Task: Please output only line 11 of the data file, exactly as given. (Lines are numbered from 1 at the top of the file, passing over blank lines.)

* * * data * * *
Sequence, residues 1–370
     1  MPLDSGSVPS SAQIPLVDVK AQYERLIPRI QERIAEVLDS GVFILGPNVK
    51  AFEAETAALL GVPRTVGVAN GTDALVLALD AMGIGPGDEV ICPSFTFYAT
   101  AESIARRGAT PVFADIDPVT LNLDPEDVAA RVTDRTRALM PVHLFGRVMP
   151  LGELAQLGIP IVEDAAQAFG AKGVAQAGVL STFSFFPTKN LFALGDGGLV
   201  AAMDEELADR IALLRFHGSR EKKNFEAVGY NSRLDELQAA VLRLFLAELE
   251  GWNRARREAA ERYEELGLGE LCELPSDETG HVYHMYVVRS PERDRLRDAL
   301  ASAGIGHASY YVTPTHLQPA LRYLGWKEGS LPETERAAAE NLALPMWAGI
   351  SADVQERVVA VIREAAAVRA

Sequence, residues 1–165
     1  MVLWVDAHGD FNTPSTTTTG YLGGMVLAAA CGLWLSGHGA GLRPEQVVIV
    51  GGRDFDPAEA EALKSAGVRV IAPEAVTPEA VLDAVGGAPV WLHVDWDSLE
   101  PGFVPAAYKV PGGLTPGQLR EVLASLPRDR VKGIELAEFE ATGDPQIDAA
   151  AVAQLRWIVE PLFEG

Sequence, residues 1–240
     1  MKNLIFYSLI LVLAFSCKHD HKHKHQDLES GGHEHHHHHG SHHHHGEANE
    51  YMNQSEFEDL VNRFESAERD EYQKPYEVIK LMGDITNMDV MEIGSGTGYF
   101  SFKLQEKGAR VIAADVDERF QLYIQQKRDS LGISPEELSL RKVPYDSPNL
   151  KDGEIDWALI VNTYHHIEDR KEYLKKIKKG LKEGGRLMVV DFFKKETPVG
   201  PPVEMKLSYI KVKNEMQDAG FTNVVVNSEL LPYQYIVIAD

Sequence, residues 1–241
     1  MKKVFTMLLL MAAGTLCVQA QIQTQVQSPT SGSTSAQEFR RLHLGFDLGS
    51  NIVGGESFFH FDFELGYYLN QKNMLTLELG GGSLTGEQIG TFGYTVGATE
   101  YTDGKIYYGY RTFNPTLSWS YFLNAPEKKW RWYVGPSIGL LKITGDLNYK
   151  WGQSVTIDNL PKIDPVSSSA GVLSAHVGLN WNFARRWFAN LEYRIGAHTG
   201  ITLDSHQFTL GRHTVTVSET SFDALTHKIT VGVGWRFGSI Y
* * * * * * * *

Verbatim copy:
     1  MVLWVDAHGD FNTPSTTTTG YLGGMVLAAA CGLWLSGHGA GLRPEQVVIV